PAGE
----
Recommendation: The Readiness programme should consider how to recalibrate and strategically support national entities in the context of long-term human resource capacity limitations, which characterize many LDCs. Some aspects of the GCF compound dependence on foreign agencies, advisors and contractors. Capacity-building efforts need to be grounded in a way that recognizes difficult underlying challenges that cannot be easily “trained”.


Readiness support aims to enhance opportunities for both private and public sector entities for climate finance, not just from the GCF but from other funds, and has supported training on how to prepare GCF proposals. In addition, Readiness funding has been directed towards preparing the MoFEC to upgrade its accreditation level.

One RPSP grant (up to USD 300,000) was received for institutional strengthening, and its budget was directed to the EFCCC, the NDA of Ethiopia. The rationale for the Readiness programming was to accelerate and clarify engagement with the GCF and build the capacity of the staff team.89 Readiness programming was also dedicated to harmonizing GCF funding with other international sources of public financing. While this study does not aim to assess the strength of the NDA, it can be noted that national stakeholders found the NDA to be highly responsive.

The GGGI has been the delivery partner of the second Readiness grant since 2019. The GGGI and the Government of Ethiopia have a long-term technical support and capacity development framework agreement, through which the Readiness grant provides support to help Ethiopia’s MoFEC, Ethiopia’s DAE, build its institutional, project management and delivery capacities, including pipeline development, review, appraisal, monitoring and evaluation. It will also help the MoFEC further strengthen its systems for environmental and social safeguards (ESS) and gender considerations, as well as meet required accreditation and upgrading conditions. Readiness support through the GGGI is also being used to engage with the private sector.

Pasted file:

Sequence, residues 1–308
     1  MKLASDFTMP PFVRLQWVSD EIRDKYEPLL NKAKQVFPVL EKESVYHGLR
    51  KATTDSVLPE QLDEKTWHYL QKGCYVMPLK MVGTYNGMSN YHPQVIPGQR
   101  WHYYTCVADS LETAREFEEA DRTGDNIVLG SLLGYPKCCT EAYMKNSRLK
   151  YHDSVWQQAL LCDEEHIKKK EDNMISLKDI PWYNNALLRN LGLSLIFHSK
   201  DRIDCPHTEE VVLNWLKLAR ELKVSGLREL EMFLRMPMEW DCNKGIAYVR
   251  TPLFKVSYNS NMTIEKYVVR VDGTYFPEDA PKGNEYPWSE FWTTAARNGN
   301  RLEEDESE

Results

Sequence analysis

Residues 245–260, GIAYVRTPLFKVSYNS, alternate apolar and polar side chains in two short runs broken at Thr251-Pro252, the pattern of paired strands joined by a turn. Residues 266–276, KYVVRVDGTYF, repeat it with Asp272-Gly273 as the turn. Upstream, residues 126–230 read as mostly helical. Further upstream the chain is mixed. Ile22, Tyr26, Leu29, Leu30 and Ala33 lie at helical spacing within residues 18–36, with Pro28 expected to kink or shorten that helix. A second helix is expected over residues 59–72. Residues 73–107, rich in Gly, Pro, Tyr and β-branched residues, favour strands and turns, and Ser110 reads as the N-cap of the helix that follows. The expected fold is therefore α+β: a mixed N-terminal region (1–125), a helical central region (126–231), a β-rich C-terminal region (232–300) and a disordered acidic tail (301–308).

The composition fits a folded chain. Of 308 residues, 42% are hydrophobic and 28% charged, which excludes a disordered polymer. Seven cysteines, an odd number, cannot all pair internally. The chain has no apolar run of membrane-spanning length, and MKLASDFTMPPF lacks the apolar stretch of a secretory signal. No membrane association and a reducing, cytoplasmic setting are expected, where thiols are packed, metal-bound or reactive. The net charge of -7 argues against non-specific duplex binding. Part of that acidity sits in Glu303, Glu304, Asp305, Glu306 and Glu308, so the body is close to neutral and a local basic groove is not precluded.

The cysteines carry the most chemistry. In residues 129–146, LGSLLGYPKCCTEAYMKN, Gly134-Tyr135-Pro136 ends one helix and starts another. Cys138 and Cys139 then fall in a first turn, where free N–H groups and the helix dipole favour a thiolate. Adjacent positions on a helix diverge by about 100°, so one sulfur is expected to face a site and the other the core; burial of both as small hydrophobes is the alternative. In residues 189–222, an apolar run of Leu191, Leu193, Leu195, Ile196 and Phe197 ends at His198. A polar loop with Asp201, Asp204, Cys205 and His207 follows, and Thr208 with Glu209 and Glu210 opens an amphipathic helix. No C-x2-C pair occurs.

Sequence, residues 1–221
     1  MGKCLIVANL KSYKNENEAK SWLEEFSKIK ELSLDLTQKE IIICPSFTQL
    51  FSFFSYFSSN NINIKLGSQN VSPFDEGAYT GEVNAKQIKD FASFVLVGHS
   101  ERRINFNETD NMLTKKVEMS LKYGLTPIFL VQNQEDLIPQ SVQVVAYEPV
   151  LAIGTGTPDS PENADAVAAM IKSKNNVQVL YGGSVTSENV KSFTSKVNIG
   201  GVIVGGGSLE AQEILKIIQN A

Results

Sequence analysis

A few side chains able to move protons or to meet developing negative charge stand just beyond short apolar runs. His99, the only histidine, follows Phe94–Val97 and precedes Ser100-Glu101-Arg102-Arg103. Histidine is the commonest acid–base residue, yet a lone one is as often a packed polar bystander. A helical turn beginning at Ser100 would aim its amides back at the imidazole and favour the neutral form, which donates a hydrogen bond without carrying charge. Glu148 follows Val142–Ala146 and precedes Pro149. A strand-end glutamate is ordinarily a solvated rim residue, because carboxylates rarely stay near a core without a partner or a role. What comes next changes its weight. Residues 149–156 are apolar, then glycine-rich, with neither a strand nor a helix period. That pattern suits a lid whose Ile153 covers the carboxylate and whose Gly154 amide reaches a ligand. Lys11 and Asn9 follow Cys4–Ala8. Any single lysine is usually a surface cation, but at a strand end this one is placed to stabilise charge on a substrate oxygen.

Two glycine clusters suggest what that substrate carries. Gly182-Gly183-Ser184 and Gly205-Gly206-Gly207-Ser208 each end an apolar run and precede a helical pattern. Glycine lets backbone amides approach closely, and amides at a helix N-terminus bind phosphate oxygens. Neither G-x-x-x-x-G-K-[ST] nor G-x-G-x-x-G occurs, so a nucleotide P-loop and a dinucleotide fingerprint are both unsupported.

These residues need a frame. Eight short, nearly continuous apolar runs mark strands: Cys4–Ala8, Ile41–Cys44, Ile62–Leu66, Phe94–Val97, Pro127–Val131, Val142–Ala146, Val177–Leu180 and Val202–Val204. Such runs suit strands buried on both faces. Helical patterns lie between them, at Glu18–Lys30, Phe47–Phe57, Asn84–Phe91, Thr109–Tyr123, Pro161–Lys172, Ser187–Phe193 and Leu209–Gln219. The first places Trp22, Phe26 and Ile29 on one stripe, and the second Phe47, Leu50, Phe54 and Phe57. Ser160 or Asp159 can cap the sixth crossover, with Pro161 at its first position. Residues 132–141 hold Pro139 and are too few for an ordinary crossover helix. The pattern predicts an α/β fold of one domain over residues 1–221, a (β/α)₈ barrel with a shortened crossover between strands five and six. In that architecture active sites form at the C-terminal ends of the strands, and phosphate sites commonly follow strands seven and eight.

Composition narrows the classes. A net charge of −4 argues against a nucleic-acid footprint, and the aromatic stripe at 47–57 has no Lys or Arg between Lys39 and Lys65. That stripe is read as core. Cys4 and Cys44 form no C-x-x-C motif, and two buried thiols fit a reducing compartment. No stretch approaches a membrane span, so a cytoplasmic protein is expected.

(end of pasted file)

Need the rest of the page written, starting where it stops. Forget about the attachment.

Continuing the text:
Stakeholders highlighted the challenge of engaging the Ethiopian private sector and pointed to the need to raise awareness about potential opportunities from the GCF to support businesses (e.g. small- and medium-sized enterprises, or banks) to go green. Raising awareness in the private sector has been one of the priorities of GGGI Readiness programming, which led to the facilitation of a two-day workshop for high level private sector representatives and a training on concept notes and project proposals.


The RPSP is fully present in Pacific LDCs, with one grant each in Kiribati and Solomon Islands, two grants in Tuvalu, and five grants in Vanuatu between 2015 and 2019. Activities include adaptation planning, strengthening NDA strategic framework development, and supporting DAEs, with the bulk of the funding across the four nations going to adaptation planning. The programme is warmly welcomed by national stakeholders and seen as particularly useful with regard to strengthening the NDAs. It ultimately seeks to equip and support the NDAs to access the GCF (and potentially other climate finance). To this end, Readiness is praised for familiarizing national actors and imparting the skills and perspectives necessary to participate in GCF engagement, as well as overall institutional strengthening and participation.

However, questions have been raised about whether it is working to lay a pathway for independent action or management. Pacific LDCs are unlikely to achieve direct access in the coming years; the small population, limited human resource base, and other constraints represent significant barriers that will not be overcome soon. Pacific LDC governments are unlikely to have the fiduciary or other systems in place to raise or manage funding independently.